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Car Insurance Advice

Grateful for any advice anyone can give me in relation to the following:

Friend of mine drove into the back of a van last month. Her version of events is that she was behind the van waiting to pull out of a junction, the van moved off, she followed, the van stopped very suddenly for no apparent reason and she went into the back of it. Low speed, minimal impact but enough to put a dent in the back of the van and after discussions with the other driver, she was expecting them to claim against her insurance. Driver behind is always the one considered to be at fault in insurance claims, so an open and shut case.

When she got home, she checked the van's details on the DVLA website and found that the MOT had expired a month previously.

The driver of the van has put in a claim for whiplash, although apparently not claimed for the damage to the van. My layman's opinion is that the van was not roadworthy at the time of the accident, so all other bets are off, with no liability on my friend.

Anyone able to offer an informed opinion on this? My friend stands to lose about 10 years of no claims and see her renewal price go up by about £200, plus the knock-on effect on subsequent years.

Comments

  • If the van had no MOT? The van drivers insurance MAY be voided.
    Your friend would then have to claim off her own insurance for damage to her vehicle. Or if there is no significant damage, not bother to claim.
    Anything beyond this would need to go through the courts. If she has 'legal protection' on her policy. Her insurer may well take action.
  • Sorry to say but it won't make a difference, she still damaged his property and (allegedly) injured him.

    He might get charged a bit of extra premium by his insurers, and probably not even that to be honest.
  • MrLargo said:

    Grateful for any advice anyone can give me in relation to the following:

    Friend of mine drove into the back of a van last month. Her version of events is that she was behind the van waiting to pull out of a junction, the van moved off, she followed, the van stopped very suddenly for no apparent reason and she went into the back of it. Low speed, minimal impact but enough to put a dent in the back of the van and after discussions with the other driver, she was expecting them to claim against her insurance. Driver behind is always the one considered to be at fault in insurance claims, so an open and shut case.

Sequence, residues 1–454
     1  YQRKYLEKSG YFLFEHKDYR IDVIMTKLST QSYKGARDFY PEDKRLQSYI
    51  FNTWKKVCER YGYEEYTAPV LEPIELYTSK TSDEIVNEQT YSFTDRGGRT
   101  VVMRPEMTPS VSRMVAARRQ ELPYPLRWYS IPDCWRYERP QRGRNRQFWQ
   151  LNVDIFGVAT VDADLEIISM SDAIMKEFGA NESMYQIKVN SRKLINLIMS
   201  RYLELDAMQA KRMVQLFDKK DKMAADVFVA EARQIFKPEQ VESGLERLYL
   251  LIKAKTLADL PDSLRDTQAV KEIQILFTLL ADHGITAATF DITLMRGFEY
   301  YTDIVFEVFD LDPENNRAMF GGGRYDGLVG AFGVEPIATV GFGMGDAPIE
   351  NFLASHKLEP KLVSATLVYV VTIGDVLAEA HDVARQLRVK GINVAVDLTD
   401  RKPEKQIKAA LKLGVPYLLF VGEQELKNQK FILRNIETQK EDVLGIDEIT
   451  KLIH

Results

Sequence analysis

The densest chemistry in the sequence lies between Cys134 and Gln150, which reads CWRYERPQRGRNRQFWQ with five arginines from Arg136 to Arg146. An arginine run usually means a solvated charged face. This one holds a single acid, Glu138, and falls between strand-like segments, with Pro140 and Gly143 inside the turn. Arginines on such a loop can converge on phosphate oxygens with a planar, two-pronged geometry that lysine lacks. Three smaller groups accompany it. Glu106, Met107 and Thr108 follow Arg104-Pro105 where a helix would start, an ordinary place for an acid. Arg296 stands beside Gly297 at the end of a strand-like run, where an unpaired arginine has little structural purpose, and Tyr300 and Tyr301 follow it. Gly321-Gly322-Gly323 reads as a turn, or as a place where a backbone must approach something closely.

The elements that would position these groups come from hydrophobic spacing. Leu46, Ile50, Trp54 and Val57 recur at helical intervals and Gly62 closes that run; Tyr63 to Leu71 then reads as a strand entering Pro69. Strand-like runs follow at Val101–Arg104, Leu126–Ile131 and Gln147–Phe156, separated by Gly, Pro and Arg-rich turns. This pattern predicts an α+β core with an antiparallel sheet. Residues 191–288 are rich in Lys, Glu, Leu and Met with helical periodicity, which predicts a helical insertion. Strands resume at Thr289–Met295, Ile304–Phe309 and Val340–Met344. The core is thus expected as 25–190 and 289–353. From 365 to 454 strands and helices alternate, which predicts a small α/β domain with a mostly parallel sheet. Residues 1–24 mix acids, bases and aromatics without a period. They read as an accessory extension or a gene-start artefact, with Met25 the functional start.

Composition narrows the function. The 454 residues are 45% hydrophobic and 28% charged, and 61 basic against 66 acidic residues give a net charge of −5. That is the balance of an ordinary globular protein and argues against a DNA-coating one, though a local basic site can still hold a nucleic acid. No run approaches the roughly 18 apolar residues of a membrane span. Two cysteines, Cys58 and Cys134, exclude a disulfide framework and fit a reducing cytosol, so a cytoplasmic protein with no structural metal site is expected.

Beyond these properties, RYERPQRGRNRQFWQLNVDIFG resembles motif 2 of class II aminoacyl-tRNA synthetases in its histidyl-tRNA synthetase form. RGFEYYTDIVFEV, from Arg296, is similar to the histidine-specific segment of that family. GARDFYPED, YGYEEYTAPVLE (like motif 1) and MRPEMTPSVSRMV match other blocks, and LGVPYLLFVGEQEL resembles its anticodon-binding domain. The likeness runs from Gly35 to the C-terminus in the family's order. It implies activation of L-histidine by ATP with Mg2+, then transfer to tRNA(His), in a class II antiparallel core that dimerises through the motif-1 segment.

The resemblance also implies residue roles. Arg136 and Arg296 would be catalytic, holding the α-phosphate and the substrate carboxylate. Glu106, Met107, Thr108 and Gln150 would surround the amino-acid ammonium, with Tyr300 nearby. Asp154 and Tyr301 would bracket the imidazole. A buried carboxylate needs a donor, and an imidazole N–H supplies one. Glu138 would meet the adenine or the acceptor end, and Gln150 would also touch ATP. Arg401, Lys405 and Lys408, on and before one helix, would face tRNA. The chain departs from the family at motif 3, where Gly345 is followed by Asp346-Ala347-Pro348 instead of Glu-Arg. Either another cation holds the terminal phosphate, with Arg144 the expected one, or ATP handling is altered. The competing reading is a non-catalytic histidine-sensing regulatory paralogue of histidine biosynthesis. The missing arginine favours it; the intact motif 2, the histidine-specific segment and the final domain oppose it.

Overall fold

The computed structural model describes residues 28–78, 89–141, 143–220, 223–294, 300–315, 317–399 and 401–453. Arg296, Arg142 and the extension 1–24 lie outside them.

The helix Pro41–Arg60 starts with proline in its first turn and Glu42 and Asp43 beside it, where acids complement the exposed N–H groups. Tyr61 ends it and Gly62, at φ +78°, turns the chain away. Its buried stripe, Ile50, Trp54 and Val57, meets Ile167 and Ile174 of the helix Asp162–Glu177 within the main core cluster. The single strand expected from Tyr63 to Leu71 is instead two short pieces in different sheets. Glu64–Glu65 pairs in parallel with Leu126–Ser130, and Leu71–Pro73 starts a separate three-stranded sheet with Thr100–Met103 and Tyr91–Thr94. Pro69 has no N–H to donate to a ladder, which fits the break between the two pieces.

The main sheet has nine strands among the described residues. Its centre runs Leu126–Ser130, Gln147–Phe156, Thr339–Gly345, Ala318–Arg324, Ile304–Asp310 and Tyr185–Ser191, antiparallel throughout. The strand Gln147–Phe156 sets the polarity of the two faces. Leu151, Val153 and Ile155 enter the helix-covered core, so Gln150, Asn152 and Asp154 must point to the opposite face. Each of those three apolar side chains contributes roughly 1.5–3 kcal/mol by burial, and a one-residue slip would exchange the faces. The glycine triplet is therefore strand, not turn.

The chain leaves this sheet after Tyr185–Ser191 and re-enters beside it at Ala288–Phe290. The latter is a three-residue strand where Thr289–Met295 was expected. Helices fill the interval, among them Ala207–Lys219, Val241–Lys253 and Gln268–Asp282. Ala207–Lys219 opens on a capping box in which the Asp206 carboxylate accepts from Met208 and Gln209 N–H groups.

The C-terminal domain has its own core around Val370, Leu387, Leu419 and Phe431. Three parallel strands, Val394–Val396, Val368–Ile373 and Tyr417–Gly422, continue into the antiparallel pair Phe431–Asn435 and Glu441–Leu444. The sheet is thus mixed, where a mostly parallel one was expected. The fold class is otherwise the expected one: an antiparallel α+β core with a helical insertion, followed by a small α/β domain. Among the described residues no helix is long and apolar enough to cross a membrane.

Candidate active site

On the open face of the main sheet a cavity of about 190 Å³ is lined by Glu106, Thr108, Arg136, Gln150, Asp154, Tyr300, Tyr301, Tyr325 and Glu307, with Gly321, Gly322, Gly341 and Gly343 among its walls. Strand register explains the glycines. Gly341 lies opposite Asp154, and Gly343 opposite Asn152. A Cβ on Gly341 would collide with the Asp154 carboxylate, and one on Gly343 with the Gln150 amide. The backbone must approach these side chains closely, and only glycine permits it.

When she got home, she checked the van's details on the DVLA website and found that the MOT had expired a month previously.

    The driver of the van has put in a claim for whiplash, although apparently not claimed for the damage to the van. My layman's opinion is that the van was not roadworthy at the time of the accident, so all other bets are off, with no liability on my friend.

    Anyone able to offer an informed opinion on this? My friend stands to lose about 10 years of no claims and see her renewal price go up by about £200, plus the knock-on effect on subsequent years.

    The thing about vans is they are actually very difficult to see through or round. So, as you imply, surely an open and shout case.

    I'm not sure the other vehicle's road-worthiness is here or there, is it? Although she could report it if it was running without an MOT (and was over three years old). Did she also take a sneaky look on MIB to see if it was insured? If she'd hit say a horse instead, she'd still be liable - just my opinion.

    On NCD, she should NOT be losing the whole 10 years. I believe just two years is deducted for one claim. That said, in my view if you've built up a decent NCD record you should always pay the extra to protect it. But, in any event, although the discount will stay, it is inevitable that the base premium will increase anyway.
  • I'd approach the guy saying that you know the MOT wasn't valid and in order for him to not get in trouble that you're willing to pay to get the damage fixed privately...
  • I'd approach the guy saying that you know the MOT wasn't valid and in order for him to not get in trouble that you're willing to pay to get the damage fixed privately...

    He's not claiming for damage, just whiplash.

  • cafcfan said:

    MrLargo said:

    Grateful for any advice anyone can give me in relation to the following: